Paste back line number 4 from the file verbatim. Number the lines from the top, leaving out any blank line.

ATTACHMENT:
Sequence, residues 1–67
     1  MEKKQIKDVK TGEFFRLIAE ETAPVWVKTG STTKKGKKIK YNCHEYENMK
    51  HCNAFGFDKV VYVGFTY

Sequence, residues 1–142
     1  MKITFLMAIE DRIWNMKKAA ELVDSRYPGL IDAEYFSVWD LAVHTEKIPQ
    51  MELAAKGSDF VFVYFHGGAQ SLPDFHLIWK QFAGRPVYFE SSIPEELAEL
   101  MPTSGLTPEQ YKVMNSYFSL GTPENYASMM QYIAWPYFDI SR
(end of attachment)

Sequence, residues 1–142